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Tribunal: Member Colin Edwardes

The applicant applied to the Department of Health for financial hardship assistance to support her residential aged care. The Department determined that the applicant qualified for financial hardship assistance from 26 May 2015 to 28 April 2017. In her application, she claimed a property in Fremantle as an unrealisable asset, which would exclude the property from being part of the Department’s consideration of the social security. Near the end of the approved term, the applicant applied for the assistance to be continued and the Department rejected the application stating the applicant was not in financial hardship because the Fremantle property was a realisable asset.

A person in this circumstance does not qualify for assistance if they are not in financial hardship. A person is not in financial hardship if they own an asset more than 1.5 times the sum of the annual basic age pension amount, which was $34,643.70 at the time of the application.[1] This may make such an asset “realisable” in that the person could use it for financial support. The applicant’s Fremantle home was greater than this amount, worth approximately $900,000. An asset can be exempt from this requirement if it is “unrealisable”. One way an asset can be found to be “unrealisable” is if the owner cannot reasonably be expected to sell the asset or use it as security for borrowing.[2]

The applicant claimed it was not reasonable to expect her to sell the property because her daughter’s family lived in the house and had been for more than 10 years.[3]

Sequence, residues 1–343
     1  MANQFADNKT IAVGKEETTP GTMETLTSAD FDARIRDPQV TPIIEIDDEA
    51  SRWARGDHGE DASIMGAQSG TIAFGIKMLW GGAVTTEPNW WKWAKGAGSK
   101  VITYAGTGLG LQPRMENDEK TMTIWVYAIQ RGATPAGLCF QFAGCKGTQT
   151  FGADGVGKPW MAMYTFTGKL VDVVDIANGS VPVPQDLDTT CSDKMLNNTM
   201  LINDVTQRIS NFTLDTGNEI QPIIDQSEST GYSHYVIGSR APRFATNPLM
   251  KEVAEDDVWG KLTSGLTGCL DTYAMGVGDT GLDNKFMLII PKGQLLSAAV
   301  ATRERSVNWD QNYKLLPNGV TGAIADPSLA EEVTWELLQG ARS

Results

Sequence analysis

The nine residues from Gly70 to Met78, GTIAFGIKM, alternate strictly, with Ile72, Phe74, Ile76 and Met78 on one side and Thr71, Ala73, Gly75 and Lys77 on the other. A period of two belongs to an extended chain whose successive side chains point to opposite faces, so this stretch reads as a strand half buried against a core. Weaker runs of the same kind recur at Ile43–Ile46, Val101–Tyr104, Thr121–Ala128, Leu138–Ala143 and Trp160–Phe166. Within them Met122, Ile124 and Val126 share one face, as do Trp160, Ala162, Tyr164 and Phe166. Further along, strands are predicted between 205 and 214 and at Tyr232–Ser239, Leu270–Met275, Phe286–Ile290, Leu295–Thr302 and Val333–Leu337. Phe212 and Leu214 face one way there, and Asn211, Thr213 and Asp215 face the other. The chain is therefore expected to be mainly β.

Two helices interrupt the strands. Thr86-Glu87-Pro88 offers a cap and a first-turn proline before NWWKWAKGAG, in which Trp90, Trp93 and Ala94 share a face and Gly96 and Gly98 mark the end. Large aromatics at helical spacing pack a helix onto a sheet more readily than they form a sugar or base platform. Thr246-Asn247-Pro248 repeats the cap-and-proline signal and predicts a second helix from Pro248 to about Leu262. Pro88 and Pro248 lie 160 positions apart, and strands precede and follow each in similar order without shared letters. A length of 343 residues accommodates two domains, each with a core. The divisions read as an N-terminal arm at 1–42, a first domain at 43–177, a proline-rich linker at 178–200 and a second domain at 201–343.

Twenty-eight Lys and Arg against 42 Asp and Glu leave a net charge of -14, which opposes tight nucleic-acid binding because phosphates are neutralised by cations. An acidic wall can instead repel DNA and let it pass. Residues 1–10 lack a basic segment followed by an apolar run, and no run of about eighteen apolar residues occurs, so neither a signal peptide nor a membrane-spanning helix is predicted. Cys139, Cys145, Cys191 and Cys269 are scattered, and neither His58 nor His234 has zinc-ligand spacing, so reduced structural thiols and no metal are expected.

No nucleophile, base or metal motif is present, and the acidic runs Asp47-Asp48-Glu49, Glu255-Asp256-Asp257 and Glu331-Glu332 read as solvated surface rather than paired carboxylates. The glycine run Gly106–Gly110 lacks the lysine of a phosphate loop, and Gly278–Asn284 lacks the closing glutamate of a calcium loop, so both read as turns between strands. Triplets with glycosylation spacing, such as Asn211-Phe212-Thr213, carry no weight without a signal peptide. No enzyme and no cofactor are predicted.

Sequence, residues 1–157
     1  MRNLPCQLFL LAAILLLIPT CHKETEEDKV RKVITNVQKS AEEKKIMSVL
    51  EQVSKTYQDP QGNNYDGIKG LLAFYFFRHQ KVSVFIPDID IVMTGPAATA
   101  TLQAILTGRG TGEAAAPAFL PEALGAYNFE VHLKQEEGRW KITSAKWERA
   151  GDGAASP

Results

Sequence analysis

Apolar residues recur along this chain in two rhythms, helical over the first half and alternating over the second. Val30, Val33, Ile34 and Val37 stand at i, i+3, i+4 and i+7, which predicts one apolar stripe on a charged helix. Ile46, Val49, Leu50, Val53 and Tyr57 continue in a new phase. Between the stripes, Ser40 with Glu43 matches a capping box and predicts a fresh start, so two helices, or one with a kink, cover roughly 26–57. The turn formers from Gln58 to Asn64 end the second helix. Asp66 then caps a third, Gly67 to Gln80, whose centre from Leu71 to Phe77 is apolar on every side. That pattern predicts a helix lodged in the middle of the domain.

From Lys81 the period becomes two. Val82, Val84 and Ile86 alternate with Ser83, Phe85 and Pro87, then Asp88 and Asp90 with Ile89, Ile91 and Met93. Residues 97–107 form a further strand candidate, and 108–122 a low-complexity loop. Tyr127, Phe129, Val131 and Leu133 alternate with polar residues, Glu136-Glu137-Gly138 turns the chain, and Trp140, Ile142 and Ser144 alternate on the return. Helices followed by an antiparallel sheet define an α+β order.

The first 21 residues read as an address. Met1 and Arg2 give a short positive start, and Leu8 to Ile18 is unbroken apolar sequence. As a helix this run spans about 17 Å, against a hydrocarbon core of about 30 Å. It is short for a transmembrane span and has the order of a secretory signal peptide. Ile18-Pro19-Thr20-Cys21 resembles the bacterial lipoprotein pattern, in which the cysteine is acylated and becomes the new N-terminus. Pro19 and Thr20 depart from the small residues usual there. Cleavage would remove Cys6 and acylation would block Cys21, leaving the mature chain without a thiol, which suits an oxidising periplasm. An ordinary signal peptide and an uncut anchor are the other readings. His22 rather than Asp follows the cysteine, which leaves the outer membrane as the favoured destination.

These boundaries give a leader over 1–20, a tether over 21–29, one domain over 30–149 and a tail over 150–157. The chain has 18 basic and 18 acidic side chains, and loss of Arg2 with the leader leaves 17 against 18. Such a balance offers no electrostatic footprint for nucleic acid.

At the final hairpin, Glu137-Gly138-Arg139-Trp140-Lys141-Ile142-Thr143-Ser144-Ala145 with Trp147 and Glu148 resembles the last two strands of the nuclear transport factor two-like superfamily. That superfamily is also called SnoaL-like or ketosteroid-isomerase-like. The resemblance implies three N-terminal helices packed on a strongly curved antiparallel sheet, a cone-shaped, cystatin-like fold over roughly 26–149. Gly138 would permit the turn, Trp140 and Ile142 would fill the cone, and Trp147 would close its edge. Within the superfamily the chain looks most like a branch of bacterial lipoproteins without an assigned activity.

Both parties accepted that it could not be reasonably accepted that the applicant should sell the Fremantle property for this purpose.

The Department claimed that the applicant did not qualify for financial hardship assistance because it would be reasonable for her to use the house as security for borrowing.

The AAT carefully considered all the evidence and concluded that the Fremantle property was not an unrealisable asset. The AAT found that there would be an expectation by the public that there should be the contribution of private funds towards aged care, if such funds are available. The AAT agreed with the claim made by the Department that it was reasonable for the property to be sold or a loan secured against the property for the age care requirements of the applicant’s. The AAT said there was no evidence before it to suggest such an approach was considered by the applicant.

The AAT affirmed the Department’s decision.

Read the full written decision on AustLII.


[1] Subsection 38(2) of the Fees and Payments Principles 2014

[2] Subsection 11(13) of the Social Security Act 1991

[3] See Instruction of the Guide to Social Security Law